To test if there is any distinct selectivity for either FYVE or PX at the individual genome level within a particular taxonomic group, we analyzed the abundance of FYVE and PX domain containing proteins of only those species (see Additional File 1) whose genomes have been completely sequenced (Figure 2). The observation that there are more PX than FYVE proteins in fungi (Figure 1) is also reflected at the species level as all of the seventeen completely-sequenced fungal genomes have more PX proteins than FYVE (Figure 2a). A similar trend, with a few exceptions, is discernible in completely sequenced metazoans as well (Figure 2b). The metazoan exceptions include Caenorhabditis elegans, Caenorhabditis briggsae and Ciona intestinalis. Like fungi and metazoa, in viridiplantae the relative abundance trend of the two domains observed for all available protein sequences is also maintained at the individual genome level, except in this case there appears to be a clear division in selectivity (for FYVE or PX) depending on whether the species belongs to the subphylum chlorophyta (green algae) or streptophyta (land plants and their relatives) (Figure 2c). The chlorophytes Chlamydomonus reinhardtii and Volvox carteri have more PX than FYVE proteins, while the chlorophytes Ostreococcus lucimarinus and Ostreococcus tauri do not encode any FYVE protein at all. Species belonging to streptophyta (Arabidopsis thaliana, Oryza sativa, Vitis vinifera, Populus trichocarpa and Physcomitrella patens patens) have more FYVE than PX proteins. In case of protist, there does not appear to be any overall selectivity for either FYVE or PX (Figure 2d) at the taxonomic level; some protist species have larger number of PX proteins than those with FYVE (viz. Giardia lamblia, Paramecium tetraurelia, Tetrahymena thermophila, Monosiga brevicollis, and Plasmodium falciparum) while a comparable number of species have more FYVE proteins than PX (viz. Leishmania major, Leishmania infantum, Trypanosoma brucei, Trypanosoma cruzi, Entamoeba histolytica, and Dictyostelium discoideum). Interestingly in Plasmodium yoelii the two types of proteins are present in equal number. Thus the protist taxonomic group contains an almost equal number of species with either an excess of FYVE or an excess of PX. Prior phylogenetic studies reveal that unlike the fungi, metazoa and viridiplantae taxonomic groups, the lineage of the protist group is unclear as there is ambiguity regarding when the main branches of the present day protist species diverged from each other [31]. In fact protists as a group are paraphyletic as some members of this group are closer to non-protists than to other protists and this may explain the observed heterogeneity in the distribution pattern of FYVE and PX in this group. The lack of predominance of species with more PX than FYVE in their genomes, within the protist taxonomic group, is in contradiction of the observed overall excess of PX proteins in protists (Figure 1). However this may be because of a small number of genomes encoding an unusually large number of PX proteins. In concurrence with this, significantly higher number of PX domain has been detected in at least two species, Paramecium tetraurelia and Tetrahymena thermophila, (Figure 2d- broken bars). Therefore, with the exception of protists, by and large the trend observed for all available protein sequences is also maintained at the individual genome level and is indicative of selectivity for either FYVE (in streptophyta of viridiplantae) or PX (fungi and metazoa) domain.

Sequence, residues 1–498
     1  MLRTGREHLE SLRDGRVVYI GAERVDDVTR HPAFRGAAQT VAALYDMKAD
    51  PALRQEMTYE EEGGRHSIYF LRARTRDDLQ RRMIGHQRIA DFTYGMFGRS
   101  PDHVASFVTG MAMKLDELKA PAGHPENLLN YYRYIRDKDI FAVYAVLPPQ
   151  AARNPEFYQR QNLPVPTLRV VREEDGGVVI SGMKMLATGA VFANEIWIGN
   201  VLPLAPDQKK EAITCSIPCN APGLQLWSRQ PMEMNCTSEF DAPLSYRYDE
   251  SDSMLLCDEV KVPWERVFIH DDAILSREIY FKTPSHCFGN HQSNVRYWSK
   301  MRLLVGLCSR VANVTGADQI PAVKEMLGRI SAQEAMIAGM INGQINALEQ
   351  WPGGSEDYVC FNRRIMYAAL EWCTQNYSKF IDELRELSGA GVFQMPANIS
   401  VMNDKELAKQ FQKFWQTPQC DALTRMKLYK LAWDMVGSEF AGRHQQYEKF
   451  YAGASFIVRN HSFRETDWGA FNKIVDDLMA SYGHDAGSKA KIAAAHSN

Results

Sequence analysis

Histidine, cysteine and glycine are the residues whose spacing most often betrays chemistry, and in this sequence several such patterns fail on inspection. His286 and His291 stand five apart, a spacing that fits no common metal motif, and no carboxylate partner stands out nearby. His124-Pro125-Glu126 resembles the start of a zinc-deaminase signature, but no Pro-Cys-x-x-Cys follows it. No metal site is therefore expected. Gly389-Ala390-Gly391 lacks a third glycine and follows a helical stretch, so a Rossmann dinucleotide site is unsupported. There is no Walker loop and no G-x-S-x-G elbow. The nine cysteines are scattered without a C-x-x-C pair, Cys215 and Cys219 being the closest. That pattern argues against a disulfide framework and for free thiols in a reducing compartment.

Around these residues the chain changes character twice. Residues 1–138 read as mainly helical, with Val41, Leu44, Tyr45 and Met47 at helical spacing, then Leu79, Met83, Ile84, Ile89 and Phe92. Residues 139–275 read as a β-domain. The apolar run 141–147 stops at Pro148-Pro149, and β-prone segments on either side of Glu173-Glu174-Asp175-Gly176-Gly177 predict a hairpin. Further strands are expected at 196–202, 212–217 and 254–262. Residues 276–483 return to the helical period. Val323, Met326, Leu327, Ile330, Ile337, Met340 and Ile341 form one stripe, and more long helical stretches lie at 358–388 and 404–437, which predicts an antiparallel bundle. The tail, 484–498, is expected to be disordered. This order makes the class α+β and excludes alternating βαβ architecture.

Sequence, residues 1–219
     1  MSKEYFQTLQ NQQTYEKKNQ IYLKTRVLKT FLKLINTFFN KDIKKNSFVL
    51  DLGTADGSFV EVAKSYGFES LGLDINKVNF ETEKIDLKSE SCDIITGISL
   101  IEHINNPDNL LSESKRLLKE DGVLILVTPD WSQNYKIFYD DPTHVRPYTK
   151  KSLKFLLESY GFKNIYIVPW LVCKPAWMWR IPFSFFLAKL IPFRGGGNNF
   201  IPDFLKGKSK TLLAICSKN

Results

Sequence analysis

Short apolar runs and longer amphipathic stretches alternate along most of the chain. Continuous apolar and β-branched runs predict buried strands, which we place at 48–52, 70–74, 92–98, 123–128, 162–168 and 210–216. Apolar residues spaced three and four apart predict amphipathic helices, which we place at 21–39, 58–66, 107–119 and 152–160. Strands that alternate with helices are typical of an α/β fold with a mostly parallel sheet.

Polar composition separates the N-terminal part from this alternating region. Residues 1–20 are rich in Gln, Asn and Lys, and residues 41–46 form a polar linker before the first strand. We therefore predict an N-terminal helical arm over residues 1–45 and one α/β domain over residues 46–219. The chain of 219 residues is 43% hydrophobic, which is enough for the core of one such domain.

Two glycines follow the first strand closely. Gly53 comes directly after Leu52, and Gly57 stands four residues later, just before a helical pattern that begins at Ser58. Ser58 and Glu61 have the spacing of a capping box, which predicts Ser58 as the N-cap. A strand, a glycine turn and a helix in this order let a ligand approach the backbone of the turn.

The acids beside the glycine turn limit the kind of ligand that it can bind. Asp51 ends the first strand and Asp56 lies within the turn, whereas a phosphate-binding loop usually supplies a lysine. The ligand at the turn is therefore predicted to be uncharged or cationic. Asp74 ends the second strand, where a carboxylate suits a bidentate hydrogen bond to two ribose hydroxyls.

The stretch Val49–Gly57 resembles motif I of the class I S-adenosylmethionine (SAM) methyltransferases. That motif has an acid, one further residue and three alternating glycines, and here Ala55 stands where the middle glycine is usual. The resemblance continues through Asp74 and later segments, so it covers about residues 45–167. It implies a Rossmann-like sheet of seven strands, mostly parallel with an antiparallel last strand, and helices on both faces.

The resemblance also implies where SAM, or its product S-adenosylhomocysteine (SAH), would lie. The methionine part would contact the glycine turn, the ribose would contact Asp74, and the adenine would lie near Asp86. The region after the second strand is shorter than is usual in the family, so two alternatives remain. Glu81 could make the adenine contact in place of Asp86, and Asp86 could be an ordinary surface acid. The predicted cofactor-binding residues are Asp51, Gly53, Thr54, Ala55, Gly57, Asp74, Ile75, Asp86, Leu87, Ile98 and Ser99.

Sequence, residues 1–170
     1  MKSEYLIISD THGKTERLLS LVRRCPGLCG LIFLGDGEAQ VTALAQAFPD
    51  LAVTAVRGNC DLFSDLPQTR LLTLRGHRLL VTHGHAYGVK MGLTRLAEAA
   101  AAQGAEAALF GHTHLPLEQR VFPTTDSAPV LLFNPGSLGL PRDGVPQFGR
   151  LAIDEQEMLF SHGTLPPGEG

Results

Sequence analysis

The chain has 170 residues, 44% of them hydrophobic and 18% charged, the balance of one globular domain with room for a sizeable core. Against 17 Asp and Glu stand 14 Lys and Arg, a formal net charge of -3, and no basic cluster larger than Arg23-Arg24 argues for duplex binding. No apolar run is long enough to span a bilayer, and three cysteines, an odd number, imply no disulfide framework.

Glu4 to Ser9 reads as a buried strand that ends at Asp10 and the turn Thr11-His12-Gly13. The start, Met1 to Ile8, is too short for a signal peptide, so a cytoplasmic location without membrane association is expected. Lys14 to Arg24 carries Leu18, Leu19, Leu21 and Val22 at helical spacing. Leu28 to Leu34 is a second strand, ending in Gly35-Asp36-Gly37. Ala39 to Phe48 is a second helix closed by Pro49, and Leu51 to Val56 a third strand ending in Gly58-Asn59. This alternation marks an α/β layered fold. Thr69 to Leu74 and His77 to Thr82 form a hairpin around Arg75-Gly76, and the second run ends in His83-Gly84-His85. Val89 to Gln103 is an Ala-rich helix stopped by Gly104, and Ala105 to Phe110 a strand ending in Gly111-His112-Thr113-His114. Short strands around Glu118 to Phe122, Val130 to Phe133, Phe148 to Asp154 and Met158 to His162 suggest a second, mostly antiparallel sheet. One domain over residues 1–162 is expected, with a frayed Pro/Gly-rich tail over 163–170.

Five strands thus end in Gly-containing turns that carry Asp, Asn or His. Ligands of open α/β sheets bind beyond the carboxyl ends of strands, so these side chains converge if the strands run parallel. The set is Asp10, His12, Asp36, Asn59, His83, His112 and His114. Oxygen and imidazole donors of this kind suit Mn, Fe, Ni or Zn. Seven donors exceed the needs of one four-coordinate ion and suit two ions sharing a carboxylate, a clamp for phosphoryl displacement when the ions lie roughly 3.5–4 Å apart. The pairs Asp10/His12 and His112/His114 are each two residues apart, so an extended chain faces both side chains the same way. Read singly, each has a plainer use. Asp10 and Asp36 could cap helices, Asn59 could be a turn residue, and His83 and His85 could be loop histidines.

Figure 2
Figure 2

Distribution of FYVE and PX domain proteins in completely sequenced genomes in different taxonomic groups. Number of FYVE and PX proteins encoded by the genomes of (a) fungi, (b) metazoa, (c) viridiplantae and (d) protist.

Distribution of associated domains